The Top 10 Accessibility Tips for Content Editors

Mar 24 2022

Your web developer may have constructed your website to be accessible. But that doesn’t mean it is. The way you add content to your site makes all the difference in offering a truly accessible user experience. 

Think about it this way. An architect might design a building to accommodate visitors with physical disabilities. Handicap accessible doors and ramps are basic elements they would include in their blueprint. But if someone hangs decorations on the door and inadvertently covers the handicap button, that automatic door is rendered inaccessible. Likewise, if the ramp becomes cluttered with debris, visitors who use wheelchairs may not be able to get past the obstacles in their way.

Your website functions similarly. Your content can either pave the way for users to find the information they need — or impede them on their journey.

Structuring your content for accessibility is good for all your users. And even if this is a new world for you, it’s possible to make meaningful progress quickly. Follow these top 10 tips to get started.

1. Approach the Content Development Process With Empathy

Before you delve into the tactical tips for creating accessible content, it’s important to put yourself in your users’ proverbial shoes.

Consider these facts and take a moment to reflect:

  • 1 in 4 adults in the U.S. report living with a disability. Visual, auditory, cognitive, and physical impairments can make daily life challenging for a large portion of your prospective audience. Does your website take their unique experiences and needs into consideration?
  • Anyone can become temporarily disabled at any time. For instance, imagine breaking your arm and needing to navigate without a mouse or keyboard for the first time. What elements of your site would you miss out on because you simply couldn’t figure out a way to access them?

As a content editor, you must remember that your audience has varied needs. Every time you add or edit content on your site, ask yourself: How will someone who is differently-abled experience this? What can I do to remove frustration and improve their overall experience?

Each of these tactical tips is designed to help you do just that. 

2. Structure Content to Improve Wayfinding

Your users visit your site for specific reasons. And it’s your job to help them find the nuggets of information they’re looking for as quickly and efficiently as possible. Much like signs point visitors in the right direction so they don’t have to wander aimlessly searching for their destination, you need to provide directional hints to help users make their way through your content.

Use Headings and Subheadings to Make Content Scannable

Reading long blocks of text is arduous for many people. But it’s particularly difficult for people with cognitive impairments and for those using assistive technologies like screen readers.

Headings and subheadings break up long blocks of content and tell your readers what to expect from that section. To use them effectively, consider creating an outline before you begin writing. This helps your content flow in a logical, organized manner.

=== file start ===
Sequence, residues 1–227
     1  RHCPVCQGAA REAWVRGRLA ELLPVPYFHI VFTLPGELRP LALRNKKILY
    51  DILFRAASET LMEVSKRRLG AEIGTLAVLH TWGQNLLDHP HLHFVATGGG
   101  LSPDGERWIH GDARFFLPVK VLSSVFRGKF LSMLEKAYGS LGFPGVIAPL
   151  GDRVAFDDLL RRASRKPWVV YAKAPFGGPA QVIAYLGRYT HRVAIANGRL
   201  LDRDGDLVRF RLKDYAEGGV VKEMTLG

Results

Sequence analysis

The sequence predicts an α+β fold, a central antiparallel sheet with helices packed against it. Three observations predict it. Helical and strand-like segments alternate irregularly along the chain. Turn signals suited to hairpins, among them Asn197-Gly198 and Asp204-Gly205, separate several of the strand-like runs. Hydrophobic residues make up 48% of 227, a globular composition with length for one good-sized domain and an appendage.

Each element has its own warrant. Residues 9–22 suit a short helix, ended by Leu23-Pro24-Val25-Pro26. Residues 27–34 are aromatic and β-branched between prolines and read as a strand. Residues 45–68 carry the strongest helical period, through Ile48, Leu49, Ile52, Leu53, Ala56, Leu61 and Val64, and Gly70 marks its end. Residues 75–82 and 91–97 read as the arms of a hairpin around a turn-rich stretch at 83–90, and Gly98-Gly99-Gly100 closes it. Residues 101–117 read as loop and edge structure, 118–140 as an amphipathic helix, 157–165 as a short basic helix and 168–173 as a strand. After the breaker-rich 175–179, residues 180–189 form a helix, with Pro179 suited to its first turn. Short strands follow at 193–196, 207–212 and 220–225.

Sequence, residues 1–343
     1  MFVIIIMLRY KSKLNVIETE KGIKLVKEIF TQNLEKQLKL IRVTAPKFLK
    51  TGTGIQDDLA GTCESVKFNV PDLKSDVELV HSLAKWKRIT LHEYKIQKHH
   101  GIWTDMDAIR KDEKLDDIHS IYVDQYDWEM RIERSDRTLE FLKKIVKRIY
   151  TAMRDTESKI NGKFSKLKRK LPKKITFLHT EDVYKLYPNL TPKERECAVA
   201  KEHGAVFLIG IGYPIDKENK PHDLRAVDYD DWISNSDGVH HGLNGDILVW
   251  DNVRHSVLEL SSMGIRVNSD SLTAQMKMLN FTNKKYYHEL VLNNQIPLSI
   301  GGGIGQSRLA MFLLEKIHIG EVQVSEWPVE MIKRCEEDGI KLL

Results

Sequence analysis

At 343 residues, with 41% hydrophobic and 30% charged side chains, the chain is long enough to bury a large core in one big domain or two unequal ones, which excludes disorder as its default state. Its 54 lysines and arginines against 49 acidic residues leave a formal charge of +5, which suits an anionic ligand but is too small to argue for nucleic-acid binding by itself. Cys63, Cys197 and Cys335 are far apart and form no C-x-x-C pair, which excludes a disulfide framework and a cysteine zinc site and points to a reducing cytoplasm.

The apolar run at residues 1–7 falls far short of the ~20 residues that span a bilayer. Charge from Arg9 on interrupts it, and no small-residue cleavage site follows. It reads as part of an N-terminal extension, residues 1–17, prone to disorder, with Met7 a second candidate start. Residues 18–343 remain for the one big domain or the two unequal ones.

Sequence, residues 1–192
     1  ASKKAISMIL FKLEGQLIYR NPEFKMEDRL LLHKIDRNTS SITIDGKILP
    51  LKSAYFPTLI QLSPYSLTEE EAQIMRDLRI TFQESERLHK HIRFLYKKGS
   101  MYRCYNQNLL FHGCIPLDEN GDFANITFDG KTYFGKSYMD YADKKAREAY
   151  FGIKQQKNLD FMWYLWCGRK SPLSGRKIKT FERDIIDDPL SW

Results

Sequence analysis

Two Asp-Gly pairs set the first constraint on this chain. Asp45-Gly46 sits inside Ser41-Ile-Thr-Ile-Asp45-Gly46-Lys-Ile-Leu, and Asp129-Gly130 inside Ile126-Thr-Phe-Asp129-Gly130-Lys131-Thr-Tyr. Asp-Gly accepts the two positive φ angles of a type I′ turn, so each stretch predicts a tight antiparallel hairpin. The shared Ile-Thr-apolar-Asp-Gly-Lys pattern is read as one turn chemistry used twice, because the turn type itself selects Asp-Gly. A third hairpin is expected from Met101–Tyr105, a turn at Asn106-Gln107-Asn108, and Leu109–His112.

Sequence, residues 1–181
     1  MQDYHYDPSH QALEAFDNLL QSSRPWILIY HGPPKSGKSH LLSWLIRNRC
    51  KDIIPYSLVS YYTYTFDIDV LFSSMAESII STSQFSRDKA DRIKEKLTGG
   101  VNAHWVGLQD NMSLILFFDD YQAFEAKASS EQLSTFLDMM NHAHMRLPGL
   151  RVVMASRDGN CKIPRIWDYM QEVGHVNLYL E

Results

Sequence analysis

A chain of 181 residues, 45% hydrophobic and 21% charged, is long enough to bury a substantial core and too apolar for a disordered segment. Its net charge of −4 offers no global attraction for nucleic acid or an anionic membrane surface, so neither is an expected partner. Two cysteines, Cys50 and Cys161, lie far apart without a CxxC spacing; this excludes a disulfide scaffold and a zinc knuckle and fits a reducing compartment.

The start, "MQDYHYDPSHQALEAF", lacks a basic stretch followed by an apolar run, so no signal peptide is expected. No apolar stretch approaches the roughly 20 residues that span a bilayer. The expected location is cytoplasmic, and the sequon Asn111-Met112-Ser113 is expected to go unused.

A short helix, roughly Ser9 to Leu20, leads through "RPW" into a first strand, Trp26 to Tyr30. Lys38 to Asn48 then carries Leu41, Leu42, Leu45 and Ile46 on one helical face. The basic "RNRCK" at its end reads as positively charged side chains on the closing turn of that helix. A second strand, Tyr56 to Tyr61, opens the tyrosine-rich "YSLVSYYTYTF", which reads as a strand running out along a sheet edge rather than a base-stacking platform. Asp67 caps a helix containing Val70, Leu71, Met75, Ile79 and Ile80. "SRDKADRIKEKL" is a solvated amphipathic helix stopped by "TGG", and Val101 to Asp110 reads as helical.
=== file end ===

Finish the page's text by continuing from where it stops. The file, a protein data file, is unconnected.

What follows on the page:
Be sure to populate headings with keywords and clear descriptions so users can skim, scan, and scroll to find what is useful for them. 

Employ a Rich Content Structure

Your site visitors may not want to consume all the content on a particular page. But you can help them discover the most important elements by employing a rich content structure using a variety of design elements.

In addition to using headings and subheadings, section off pieces of the page to point users toward other relevant information on their journey. This is helpful for users with cognitive impairments who may have difficulty discerning which pieces of information are more critical than others. It also provides valuable wayfinding insight for users who rely on assistive technologies to explore your site.

3. Write Using Clear, Straightforward Language

One of the best ways to make content accessible is to make it readable. And for users who rely on assistive technologies, the equivalent of readability is listenability.

Consider how challenging it is to read a run-on sentence or to find the salient point in a long, rambling paragraph. Now imagine listening to a run-on sentence or an unwieldy paragraph. How much longer might it take for an impaired user to not only comprehend what’s being communicated but also determine whether it’s pertinent to them?

To write effectively for readers and listeners alike, follow these guidelines:

  • Keep sentences to 25 words or fewer whenever possible.
  • Use the active voice rather than the passive voice.
  • Don’t use a fancy word when a simple word will do.
  • Avoid jargon and spell out uncommon acronyms. 
  • Edit, edit, edit. Eliminate grammatical errors, run-on sentences, and typos.

Your website content shouldn’t read like a Ph.D. dissertation. Try using a free tool like the Hemingway app to identify areas you can simplify.

4. Convert PDFs and Other Documents to HTML 

Many organizations use PDFs liberally as a way to reuse and repurpose materials that are already designed.

Unfortunately, PDFs and other document types (e.g., spreadsheets, PowerPoint presentations) are notoriously inaccessible, especially when they’re scanned. In addition, they’re difficult to read on a mobile device, which is a problem since many users access their phone far more frequently than a computer.